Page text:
And what you should do about it!
It’s called paralysis by analysis. I’m sure you’ve heard of it, or even suffered from it. I have. Suffered from it, that is. This is when you’re caught up more in the process than achieving the goal. No, this is different than procrastination. This is the inability to act.
I see it in the resource room of the career center for which I work. A person sits down in the morning; opens their résumé on a computer to revise it; and when I walk by at the end of the day they’re still revising the same résumé, their eyes bloodshot. I ask nicely, “Are you applying for jobs?”
“Not yet,” he replies. “I’m waiting until my résumé is perfect.”
“You’ve been here all day working on the same résumé.”
“I want it to be perfect.”
One time I must have been heard throughout the career center as I raised my voice at one person, “Apply for some jobs already.” I was being playful, but I also meant it.
Another person is doing such a great job of networking. He is meeting people for coffee or lunch, going to networking events and buddy groups. This has been going on for weeks. I ask him where he’s applied.
“I want to make sure I apply to the right companies,” he says. “I’m trying to get a sense of their culture.”
“Great,” I reply. “But you need to start applying. Apply on line.” And I hate saying this, because to me applying online is equivalent to throwing chumline in the ocean and waiting for fish to surface.
These are but a few examples. It could be trying to make their LinkedIn profile perfect before sending invites to people, asking for recommendations, or engaging with their network. Anything less than perfect is unacceptable.
Are you suffering from paralysis by analysis? Here are a few reasons why you might be, as well as some advice on how to move forward:
You’re shell shocked
Losing a job is a terrible blow to your psyche, even if you weren’t to blame. Additionally you’re wondering how you’re going to pay the bills. What will working again be like, you wonder? It might be 15 years since you last engaged in the job search. A lot has changed since then. This is a scary prospect.
What to do
I’m not going to say, “Get over it.” But I am going to say, “Take some time—a week or two—to realize that the more you’re out of work, the longer it will take to find employment. Understand that:
- this is temporary,
- it happens to many people,
- it’s natural to feel despondent,
- there is help from your One-Stop career center and a therapist, if necessary.
Writing résumés has changed over the past 15 years
The way résumés are written has changed. Recruiters want to see accomplishment statements, with quantified results. The applicant tracking system might not have been used by organizations, as well.
What to do
Don’t be obsessed with writing your résumé; however, make sure it meets the following criteria:
- shows value with accomplishments,
- is tailored to each position,
- is readable with short paragraphs and plenty of white space,
- doesn’t exceed 15 years of work history,
- finds itself in the hands of the hiring manager, as much as possible.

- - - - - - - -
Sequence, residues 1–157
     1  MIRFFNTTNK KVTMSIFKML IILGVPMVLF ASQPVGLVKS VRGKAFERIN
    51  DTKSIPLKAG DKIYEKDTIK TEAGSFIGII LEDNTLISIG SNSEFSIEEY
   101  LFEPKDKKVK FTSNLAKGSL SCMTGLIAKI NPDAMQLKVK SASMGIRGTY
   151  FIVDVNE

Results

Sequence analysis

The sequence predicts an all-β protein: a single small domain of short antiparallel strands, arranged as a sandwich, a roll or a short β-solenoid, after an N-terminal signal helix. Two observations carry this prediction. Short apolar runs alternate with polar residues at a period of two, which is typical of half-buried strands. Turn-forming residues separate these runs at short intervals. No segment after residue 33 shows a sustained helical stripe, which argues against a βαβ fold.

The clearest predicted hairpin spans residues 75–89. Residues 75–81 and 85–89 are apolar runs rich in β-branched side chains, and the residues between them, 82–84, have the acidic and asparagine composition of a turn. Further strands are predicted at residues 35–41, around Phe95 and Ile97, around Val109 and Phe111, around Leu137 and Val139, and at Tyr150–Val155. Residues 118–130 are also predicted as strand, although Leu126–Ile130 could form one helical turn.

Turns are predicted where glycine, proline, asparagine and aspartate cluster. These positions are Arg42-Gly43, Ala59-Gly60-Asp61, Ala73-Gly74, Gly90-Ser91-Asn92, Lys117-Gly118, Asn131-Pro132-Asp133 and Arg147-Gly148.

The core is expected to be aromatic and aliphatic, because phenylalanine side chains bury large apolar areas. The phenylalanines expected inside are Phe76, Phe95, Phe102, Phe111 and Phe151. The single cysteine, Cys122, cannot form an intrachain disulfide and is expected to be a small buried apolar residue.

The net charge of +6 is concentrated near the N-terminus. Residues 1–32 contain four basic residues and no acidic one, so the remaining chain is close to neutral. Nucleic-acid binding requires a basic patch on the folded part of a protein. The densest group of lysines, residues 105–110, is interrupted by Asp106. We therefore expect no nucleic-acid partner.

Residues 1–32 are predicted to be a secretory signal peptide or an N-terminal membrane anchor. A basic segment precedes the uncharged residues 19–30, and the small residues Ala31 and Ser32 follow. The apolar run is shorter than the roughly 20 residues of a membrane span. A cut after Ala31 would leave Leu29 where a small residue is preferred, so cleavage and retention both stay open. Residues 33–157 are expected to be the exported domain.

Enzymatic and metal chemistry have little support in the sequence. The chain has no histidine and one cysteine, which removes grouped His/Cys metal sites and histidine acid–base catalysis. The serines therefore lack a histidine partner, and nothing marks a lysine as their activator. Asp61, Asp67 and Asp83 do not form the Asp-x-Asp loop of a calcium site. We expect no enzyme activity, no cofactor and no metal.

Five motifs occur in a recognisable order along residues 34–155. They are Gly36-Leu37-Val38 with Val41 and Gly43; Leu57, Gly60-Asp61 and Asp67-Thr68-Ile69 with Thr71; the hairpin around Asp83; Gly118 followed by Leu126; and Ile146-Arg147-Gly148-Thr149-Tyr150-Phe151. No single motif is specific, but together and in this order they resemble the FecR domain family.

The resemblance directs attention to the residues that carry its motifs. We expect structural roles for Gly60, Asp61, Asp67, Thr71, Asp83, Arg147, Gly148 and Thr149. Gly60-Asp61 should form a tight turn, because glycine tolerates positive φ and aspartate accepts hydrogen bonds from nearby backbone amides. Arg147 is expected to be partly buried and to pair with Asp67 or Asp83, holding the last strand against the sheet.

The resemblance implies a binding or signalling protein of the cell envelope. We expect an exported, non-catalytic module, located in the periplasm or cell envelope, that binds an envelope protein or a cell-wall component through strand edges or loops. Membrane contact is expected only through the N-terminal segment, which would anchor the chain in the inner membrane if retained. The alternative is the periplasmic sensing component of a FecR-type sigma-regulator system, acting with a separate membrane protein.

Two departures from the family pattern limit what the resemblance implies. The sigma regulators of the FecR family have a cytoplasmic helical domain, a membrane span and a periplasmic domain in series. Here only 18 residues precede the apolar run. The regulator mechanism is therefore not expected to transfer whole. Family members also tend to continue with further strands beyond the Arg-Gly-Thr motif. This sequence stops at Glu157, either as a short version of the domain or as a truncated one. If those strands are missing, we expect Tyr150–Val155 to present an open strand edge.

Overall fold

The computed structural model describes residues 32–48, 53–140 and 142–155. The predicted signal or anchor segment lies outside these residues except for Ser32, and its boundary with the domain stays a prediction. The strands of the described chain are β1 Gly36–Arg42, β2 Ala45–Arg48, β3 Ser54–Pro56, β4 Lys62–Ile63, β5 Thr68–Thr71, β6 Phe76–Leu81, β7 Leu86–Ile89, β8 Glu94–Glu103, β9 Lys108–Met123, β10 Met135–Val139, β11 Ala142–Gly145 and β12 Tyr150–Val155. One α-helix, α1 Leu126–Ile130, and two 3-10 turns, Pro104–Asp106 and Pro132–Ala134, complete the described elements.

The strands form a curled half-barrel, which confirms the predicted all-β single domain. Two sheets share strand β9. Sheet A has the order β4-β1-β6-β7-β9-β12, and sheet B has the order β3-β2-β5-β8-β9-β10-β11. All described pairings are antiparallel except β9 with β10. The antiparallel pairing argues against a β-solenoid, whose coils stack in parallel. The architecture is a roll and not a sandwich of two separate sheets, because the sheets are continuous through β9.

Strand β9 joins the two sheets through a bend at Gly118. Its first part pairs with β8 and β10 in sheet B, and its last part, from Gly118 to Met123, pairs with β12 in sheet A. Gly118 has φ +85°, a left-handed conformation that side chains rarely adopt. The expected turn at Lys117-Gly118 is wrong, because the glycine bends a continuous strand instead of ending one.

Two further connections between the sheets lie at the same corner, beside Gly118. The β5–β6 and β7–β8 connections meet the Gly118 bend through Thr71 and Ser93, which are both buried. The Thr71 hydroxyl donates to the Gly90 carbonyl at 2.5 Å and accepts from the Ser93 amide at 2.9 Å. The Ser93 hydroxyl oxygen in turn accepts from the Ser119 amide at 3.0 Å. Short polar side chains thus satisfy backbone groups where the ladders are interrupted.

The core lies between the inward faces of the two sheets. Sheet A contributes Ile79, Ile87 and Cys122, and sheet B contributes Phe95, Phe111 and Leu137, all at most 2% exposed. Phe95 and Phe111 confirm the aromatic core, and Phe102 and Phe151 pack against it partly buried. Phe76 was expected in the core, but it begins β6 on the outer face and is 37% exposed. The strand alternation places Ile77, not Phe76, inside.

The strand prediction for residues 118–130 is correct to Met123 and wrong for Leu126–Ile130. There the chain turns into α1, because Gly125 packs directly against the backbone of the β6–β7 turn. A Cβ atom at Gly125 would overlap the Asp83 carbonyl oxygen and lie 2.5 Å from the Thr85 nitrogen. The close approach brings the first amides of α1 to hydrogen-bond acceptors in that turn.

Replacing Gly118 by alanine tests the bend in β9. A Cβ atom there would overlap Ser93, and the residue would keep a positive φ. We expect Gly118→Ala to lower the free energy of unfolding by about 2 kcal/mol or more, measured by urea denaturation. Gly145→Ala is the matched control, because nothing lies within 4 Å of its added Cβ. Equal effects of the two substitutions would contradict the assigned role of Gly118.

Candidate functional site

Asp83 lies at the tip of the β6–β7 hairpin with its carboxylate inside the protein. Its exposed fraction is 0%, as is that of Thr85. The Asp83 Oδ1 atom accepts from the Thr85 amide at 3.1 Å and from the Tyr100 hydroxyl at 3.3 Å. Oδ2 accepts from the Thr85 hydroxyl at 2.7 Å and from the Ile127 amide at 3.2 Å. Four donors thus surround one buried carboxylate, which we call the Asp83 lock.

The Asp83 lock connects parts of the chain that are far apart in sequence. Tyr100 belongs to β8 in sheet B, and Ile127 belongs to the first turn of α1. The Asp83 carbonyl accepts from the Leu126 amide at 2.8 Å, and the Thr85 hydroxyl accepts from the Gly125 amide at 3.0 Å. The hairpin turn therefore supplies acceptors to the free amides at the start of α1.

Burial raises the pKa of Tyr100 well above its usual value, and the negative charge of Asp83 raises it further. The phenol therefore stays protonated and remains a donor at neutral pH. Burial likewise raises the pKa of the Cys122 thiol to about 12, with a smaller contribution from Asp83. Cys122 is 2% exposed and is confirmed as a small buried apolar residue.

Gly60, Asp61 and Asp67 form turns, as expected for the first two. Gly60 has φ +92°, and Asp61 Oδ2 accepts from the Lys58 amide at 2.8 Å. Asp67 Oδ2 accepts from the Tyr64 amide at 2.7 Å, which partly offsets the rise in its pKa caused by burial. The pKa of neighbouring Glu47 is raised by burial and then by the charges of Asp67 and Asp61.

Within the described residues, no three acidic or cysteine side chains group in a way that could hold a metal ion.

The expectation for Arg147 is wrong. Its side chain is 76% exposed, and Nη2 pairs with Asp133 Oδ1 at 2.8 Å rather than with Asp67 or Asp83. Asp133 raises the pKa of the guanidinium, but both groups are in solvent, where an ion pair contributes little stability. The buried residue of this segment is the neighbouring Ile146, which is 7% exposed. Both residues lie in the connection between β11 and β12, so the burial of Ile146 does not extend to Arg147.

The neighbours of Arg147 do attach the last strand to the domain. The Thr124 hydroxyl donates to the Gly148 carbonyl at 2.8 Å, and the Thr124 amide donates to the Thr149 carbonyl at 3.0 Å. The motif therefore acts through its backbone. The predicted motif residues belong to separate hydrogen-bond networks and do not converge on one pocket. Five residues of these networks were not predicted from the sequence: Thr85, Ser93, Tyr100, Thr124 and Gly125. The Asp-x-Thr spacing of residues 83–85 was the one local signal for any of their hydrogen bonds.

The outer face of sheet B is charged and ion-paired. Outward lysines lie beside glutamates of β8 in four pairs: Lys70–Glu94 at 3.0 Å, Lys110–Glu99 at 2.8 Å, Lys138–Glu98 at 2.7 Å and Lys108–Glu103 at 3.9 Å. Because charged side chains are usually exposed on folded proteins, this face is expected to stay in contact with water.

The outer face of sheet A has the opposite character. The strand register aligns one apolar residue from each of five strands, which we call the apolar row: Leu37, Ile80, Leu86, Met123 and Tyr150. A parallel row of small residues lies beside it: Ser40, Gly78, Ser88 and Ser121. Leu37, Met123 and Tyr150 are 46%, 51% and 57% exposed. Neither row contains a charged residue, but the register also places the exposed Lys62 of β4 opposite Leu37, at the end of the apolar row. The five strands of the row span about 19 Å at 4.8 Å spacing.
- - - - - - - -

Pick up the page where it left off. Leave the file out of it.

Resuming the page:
Networking is key
Most companies want you to apply online or go through recruiters and staffing agencies, but you’re more likely to get better results by getting your resume in the hands of the hiring manager directly. Most companies prefer to hire job seekers through referrals from people they know and trust.
What to do
Despite what most people think, networking events aren’t the only activities that constitute networking. Look at networking as connecting with people everywhere. Your neighbors, relatives, friends, store owners, dentists — essentially everyone can be a valuable networking connection. Make sure to reach out to former colleagues and supervisors who can act as references. Don’t be afraid to ask for help.
Social media plays a large role in the hiring process
In today’s job market, you have to be cognizant of your social media image. According to a 2014 survey, 94 percent recruiters look for and vet talent on LinkedIn. Four years later, the number may be even higher. Employers are also checking you out on Facebook and Twitter to dig up any dirt that may disqualify you from the running.
What to do
First of all, LinkedIn will not land you a job by itself. It is a supplement to your face-to-face networking events. However, it can be very helpful if used properly. Like your résumé, don’t dwell on trying to make it perfect. There are two other components that make your LinkedIn campaign a success—growing your network and engaging with your connections.
The interview process is longer
You might have to endure as many as five telephone interviews before multiple face-to-face interviews. The types of interviews you will participate in could vary, including Skype, Zoom, group, and, of course, one-on-one.
What to do
Go with the flow. It’s a known fact that employers dread hiring the wrong person because it’s costly and embarrassing. It may seem like they’re looking for the purple squirrel, so be patient. Most importantly, don’t put all your eggs in one basket. Some job seeker tell me they’re only applying to a couple of companies, because they’re the ones. Apply to the right companies, but have a list of at least 10 companies for which you’d like to work.
If my clients think I want them to scatter their résumés around the state, they’re wrong. All I’m asking is that they don’t spend more time doing nothing than doing something. Yes, they should recover from their trauma…or fake it til they make it. They need to connect with people in their community. The interview process, and the methods employers are using, is taking longer.
One thing we all an say for certain is paralysis by analysis is real and detrimental to your job search.
This post originally appeared on recruiter.com.